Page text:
Not your average UPenn student, 22-year-old Huang is cofounder of M WOODS, the private not-for-profit museum he opened (along with Lin Han and Wanwan Lei) in the Chinese capital’s 798 arts district in 2014 with a goal to become “the MoMA of China.” In between cramming art history and running the museum, you’ll find him globe-trotting in search of new artists—often on research trips for the New Museum, where he’s currently the youngest member of the International Leadership Council.

Inspired by weekend visits to the Tate Modern during his high school years in London, Huang began collecting at age 16, acquiring a single piece a year. Today, his robust collection is very much focused on his millennial generation: “I grew up in a digital, tech-savvy generation and I consciously try to support young artists and those working with new media and the internet,” he says. To that end, he supported Amalia Ulman’s studio and social media-based practice at this year’s Berlin Biennale, and is heavily involved in an exhibition of post-internet artists at M WOODS slated for next year.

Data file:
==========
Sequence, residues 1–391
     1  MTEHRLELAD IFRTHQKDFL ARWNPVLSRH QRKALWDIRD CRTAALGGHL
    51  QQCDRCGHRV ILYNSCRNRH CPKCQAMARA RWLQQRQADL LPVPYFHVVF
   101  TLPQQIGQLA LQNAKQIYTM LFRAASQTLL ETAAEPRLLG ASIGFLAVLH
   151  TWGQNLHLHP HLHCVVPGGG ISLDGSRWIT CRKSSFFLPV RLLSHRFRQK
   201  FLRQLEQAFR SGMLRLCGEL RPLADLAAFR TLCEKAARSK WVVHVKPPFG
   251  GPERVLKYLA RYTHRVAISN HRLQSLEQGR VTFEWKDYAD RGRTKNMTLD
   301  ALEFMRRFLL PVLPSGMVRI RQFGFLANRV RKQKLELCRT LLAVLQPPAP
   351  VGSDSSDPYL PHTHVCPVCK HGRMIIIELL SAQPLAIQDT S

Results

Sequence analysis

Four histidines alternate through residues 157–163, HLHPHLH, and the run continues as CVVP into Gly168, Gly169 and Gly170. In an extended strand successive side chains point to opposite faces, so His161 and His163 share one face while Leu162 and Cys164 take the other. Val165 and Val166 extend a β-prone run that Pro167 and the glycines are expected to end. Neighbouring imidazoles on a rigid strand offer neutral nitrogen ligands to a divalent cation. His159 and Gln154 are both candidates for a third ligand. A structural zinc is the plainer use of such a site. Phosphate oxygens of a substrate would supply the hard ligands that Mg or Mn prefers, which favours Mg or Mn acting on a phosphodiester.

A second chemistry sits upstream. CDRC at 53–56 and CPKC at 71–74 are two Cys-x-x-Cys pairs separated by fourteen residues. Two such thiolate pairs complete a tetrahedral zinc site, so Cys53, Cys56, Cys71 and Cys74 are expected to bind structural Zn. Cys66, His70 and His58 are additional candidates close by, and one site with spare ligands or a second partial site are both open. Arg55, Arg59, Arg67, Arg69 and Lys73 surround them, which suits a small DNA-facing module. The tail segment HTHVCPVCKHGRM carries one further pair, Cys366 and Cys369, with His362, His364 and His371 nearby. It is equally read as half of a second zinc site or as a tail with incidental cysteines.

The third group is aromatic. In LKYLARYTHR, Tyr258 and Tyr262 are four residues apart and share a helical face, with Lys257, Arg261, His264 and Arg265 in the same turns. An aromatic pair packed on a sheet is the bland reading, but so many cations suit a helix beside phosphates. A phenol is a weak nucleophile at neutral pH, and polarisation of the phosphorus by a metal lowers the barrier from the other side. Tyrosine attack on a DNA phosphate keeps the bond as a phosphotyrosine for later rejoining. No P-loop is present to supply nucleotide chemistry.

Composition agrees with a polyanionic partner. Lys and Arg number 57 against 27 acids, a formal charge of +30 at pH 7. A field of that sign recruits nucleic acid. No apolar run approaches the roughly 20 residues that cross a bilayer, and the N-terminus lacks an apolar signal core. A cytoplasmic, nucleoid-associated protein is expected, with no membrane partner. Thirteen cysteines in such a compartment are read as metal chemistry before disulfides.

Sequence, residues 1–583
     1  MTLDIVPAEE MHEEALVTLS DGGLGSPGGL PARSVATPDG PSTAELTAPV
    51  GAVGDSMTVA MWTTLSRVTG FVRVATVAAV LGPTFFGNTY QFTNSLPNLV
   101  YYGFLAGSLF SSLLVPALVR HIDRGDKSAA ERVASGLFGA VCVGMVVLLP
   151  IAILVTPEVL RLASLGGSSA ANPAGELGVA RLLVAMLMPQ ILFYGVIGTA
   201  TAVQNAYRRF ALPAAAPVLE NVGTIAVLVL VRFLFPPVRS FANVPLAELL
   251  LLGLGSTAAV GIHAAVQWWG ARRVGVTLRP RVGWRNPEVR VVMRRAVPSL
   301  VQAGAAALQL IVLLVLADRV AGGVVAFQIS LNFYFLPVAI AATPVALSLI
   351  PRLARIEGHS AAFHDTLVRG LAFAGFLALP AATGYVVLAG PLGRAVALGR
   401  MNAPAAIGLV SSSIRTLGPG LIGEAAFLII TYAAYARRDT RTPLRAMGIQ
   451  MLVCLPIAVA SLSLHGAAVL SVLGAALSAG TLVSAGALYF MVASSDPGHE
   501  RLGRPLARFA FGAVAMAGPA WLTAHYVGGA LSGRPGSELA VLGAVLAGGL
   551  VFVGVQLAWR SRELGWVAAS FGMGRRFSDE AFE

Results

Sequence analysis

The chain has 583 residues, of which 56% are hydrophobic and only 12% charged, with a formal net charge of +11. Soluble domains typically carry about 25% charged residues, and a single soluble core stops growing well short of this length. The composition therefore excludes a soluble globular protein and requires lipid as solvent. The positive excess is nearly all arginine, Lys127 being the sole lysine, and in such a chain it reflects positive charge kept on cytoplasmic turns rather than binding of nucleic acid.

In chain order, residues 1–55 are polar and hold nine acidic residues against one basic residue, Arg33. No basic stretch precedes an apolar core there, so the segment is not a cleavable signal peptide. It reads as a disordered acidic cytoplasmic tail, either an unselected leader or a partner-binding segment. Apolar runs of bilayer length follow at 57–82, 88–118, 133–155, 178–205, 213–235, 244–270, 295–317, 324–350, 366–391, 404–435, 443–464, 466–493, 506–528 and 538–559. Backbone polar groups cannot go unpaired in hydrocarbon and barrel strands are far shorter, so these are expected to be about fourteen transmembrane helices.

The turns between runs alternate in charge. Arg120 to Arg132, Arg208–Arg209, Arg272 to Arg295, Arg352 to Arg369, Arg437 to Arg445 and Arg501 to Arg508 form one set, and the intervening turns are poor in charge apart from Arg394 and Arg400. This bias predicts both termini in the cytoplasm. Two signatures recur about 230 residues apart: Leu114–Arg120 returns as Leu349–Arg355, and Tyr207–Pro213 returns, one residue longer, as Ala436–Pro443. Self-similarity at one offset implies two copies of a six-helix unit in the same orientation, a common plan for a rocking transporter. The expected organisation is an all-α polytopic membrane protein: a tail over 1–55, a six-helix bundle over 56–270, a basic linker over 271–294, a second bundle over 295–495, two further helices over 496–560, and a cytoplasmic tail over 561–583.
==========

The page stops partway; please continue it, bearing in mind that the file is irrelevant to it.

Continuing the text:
“For me, it’s very important to meet the artist before purchasing; face-to-face communication is important,” explains Ying, collector and co-founder of ART021 Shanghai Contemporary Art Fair, which she launched with her husband David Chau in 2013. Ying’s engagement with the arts started from a young age—her mother worked at a  national art and culture institution, and was close friends with realist painter Chen Yifei.

Over the years, Ying has been steering her family’s formerly classical collection toward modern and contemporary works, beginning with her purchase of a work by Zhang Enli. Her taste continues to evolve, she says, and currently leans toward abstract pieces. “Especially after I founded ART021… my eyes [became] more sharp and picky.” While her primary focus is art, Ying is also a shareholder of Shanghai-based PR and modeling agency HUAYI Brothers Fashion Group, as well as an ambassador for several beauty, health, and fitness brands.